Categories
Reviews and Suggestions

Now on random play from the CD Baby store

JOHN P BLOUIN: BUTT KISSER JOHN P BLOUIN: BUTT KISSERWell composed, hook filled songs with lots of guitar power and rhythmic energy for partying.

Buy the CD

LISBOA: Live from the Grand Hotel Abyss LISBOA: Live from the Grand Hotel AbyssMelodic indie rock with power-pop roots and a wry subversive streak.

Buy the CD

THE PERVZ: Get it Out THE PERVZ: Get it OutHigh energy, sonic blast from the past – circa 1977 punk rock n’ roll.

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THE BLIND PHARAOHS: Moonburn THE BLIND PHARAOHS: MoonburnEverything rock’n’roll is supposed to be: primitive, sensual, sentimental; Strong beats, loud crunchy guitar, sweet melodies; Like the Stray Cats meet AC/DC in a honky-tonk along the Nile; From the surf-instrumental of All the Rage to the beautiful Moon

Buy the CD

THROTTLE BACK SPARKY: Throttle Back, Sparky THROTTLE BACK SPARKY: Throttle Back, Sparkygalloping bursts of pop (“Another Hoop”), stuttering surf-punk (“Joey Enough”), heavy blues-metal (“Age of Consent”), twisted rock (“Pyrite”) and over-the-top glam (“Hellraiser”), Throttle Back Sparky is an 11-song testament to the strength of diversity.

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THE BREAK-UP: She Went Black THE BREAK-UP: She Went BlackGlammy, swaggering, full kilter rock ‘n’ roll with enough 60s psych, lazy lounge keys and Strokes bravado to keep NME interested.

Buy the CD

Categories
Record Labels

The Rock and Roll Report Record Label Spotlight is on Warmfuzz Records

I have just discovered the very cool record label Warmfuzz Records and they are releasing a lot of great stuff including two bands that I really like in Kelly’s Heels and the Trouble Dolls. Describing themselves as “warm, fuzzy, funky sounds,” Warmfuzz has a bunch of great musicians to check out so wander around the site and have a listen to some of the streaming Realplayer samples available.
Later.

Categories
Rock and Roll Reads

Fanzines are alive and well

According to Joe Biel, founder of fanzine distributor Microcosm Publishing, fanzines are alive and well and still thriving in this day and age of blogs and podcasts. They are continuing to evolve and now use the technology that is supposed to render them irrelevant to expand their reach according to The scene changes for ‘Zines (article is currently archived at Boston Herald.com).
Later.

Categories
Rock Biz

EEPI 2005: Conference and Workshop on Electronic Entertainment Policies, Problems, and Solutions

A conference is being organized late summer or early fall in LA that might be of interest to some of you. Called the Conference and Workshop on Electronic Entertainment Policies, Problems and Solutions the goals of the conference as quoted in an e-mail I received are:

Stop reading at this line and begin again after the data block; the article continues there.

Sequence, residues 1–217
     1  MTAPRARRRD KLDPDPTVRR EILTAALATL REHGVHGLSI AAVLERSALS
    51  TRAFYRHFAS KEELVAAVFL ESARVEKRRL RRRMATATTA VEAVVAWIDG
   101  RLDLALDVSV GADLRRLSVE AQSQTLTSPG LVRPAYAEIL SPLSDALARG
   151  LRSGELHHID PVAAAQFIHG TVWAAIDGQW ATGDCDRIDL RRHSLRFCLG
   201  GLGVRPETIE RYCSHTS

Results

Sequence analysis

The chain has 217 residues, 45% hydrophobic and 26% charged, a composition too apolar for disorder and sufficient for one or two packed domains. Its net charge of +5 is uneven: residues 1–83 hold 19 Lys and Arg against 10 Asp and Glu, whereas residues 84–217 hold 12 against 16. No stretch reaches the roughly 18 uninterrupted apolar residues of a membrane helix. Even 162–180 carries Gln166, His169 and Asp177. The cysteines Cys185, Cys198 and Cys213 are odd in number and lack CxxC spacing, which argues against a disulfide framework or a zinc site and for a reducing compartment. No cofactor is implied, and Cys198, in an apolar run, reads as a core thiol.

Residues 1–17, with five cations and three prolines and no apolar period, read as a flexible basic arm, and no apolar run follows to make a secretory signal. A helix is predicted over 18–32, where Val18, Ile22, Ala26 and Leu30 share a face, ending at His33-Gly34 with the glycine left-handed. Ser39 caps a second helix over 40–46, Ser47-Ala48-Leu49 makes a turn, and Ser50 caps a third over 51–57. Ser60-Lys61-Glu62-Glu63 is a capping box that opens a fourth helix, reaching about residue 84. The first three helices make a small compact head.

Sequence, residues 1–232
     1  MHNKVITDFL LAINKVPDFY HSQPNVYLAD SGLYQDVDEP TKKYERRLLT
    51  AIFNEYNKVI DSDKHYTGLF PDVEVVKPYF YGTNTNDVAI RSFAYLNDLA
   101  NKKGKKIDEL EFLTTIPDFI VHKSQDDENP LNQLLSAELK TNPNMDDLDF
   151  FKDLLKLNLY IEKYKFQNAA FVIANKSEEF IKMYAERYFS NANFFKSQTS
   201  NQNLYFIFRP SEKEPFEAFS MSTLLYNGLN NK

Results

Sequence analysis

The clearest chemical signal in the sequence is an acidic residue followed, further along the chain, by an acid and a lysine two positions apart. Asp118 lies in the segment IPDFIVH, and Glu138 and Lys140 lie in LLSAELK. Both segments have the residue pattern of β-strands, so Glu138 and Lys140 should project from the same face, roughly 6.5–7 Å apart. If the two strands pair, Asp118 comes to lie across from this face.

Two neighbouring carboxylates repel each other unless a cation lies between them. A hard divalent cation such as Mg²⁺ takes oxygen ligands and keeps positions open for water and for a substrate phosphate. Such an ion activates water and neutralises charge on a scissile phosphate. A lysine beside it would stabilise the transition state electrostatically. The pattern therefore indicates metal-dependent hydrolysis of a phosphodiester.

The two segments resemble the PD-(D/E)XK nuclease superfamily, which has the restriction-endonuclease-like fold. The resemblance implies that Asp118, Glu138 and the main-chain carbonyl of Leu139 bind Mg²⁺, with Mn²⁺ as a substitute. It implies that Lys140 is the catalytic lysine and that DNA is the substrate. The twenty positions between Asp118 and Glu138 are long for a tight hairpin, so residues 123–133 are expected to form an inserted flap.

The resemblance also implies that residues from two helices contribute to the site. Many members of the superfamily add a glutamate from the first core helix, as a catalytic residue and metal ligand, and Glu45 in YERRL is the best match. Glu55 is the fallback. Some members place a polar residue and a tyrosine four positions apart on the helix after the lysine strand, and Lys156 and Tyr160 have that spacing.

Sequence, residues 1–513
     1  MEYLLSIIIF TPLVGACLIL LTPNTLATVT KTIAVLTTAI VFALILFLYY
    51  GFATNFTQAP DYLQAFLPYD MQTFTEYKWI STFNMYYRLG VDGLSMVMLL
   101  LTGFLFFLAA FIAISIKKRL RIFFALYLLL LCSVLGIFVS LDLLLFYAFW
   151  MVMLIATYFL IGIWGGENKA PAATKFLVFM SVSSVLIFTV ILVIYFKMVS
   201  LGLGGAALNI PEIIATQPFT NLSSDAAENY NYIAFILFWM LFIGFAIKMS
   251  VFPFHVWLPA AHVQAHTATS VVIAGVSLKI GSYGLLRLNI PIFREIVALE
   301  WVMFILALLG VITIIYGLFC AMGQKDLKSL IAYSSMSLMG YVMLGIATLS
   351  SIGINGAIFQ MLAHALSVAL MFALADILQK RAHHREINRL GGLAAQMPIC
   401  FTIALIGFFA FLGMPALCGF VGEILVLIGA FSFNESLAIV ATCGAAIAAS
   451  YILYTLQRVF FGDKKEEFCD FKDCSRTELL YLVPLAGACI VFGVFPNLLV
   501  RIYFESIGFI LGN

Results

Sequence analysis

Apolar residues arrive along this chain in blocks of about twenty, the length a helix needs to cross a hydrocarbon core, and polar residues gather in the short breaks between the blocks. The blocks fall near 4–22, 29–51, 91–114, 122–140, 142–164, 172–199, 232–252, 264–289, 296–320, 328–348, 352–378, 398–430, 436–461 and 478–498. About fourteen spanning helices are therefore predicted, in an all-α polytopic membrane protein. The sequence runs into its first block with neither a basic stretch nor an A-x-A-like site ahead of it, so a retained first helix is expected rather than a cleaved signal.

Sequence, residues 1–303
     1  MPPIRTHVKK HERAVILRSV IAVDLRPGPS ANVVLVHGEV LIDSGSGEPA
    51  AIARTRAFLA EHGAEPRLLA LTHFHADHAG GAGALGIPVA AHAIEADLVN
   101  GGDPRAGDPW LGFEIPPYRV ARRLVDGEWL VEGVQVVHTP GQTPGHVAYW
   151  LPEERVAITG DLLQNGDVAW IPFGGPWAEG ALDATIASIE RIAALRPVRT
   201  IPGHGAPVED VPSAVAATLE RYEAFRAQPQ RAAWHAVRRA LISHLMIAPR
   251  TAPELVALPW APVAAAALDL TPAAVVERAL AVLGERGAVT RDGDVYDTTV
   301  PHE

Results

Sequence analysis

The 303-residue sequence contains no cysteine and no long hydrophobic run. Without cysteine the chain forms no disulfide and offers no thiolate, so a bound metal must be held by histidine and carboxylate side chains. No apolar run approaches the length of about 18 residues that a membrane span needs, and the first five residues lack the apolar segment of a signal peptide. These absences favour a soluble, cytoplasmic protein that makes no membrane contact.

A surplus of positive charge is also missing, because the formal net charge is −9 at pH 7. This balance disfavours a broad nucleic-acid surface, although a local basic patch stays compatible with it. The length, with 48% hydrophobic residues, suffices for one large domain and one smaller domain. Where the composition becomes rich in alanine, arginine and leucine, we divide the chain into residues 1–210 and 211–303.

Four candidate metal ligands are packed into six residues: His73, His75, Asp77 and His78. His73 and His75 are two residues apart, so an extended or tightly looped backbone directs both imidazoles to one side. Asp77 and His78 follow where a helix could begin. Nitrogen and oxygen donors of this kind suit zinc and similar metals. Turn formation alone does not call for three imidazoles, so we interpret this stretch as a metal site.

Primary goals of this meeting include both providing attendees with insight into the many often conflicting points of view and complex characteristics related to these issues, and to work towards establishing a long-term framework for finding and implementing practical, cooperative solutions wherever possible. This will not be a place for finger-pointing or name-calling. Attendees should be interested in learning more about these issues and helping to solve the many complex problems in this arena that we must deal with today and that we will be facing with increasingly rapidity in the future.

In this day where technology evolves faster than the law, it might be a good idea if you are an indie musician to get involved in a debate that will affect every facet of what you do.
Later.

Categories
Rock on Film

Cream Reunion DVD to be released in October

That Cream reunion DVD I mentioned last week is scheduled to be released in October. Pre-ordering should be available at Cream2005.com soon so keep checking the site.
Later.

Categories
Odds & Sods

Summer schedule in effect starting May 30, 2005

Just a reminder that my summer schedule is in effect starting May 30, 2005 meaning don’t expect any posts on Mondays and Fridays. Like most of my plans I’ll probably blow it and post on those days anyways but don’t count on it. Thanks for reading and have a great weekend!
Later.

Categories
Wanna Be a Rock Star?

The Rock and Roll Report Music Submission Policy

I am starting to get enough CDs to warrant getting a PO Box (stay tuned) but until then I just thought that I would give a heads up to anybody submitting music to The Rock and Roll Report as to what I am interested in.

Categories
Rock Radio 2.0

WOXY.com adds second streaming channel of vintage rock

WOXY.com, the Cincinnati-based Internet only stream of the former terrestrial broadcaster WOXY FM “The Future of Rock ‘n Roll” has added a second feed of streaming “classic modern rock” that will debut this weekend at 10:00 AM. Full details can be found in WOXY cranks up vintage rock.
Later.

Categories
Rock History

Domenic Troiano R.I.P.

One of the greatest rock and roll guitarists and a Canadian to boot, Domenic Troiano passed away on May 25, 2005. With over 40 years of experience in the music industry he was an unsung hero of Canadian rock and roll. Full details can be found here. R.I.P. Donnie.
Later.

Categories
Rock Biz

The "T" in Tour Merchandise Stands For T-shirt
by Gigi Swanson,

MusicDish Network Sponsor

When you think of tour merchandise you might envision major label artists playing large arenas and selling everything from tie-dye T -shirts, bumper stickers, embroidered baseball caps and in the case of the Rolling Stone’s famed Voodoo Lounge tour‹a custom motorcycle.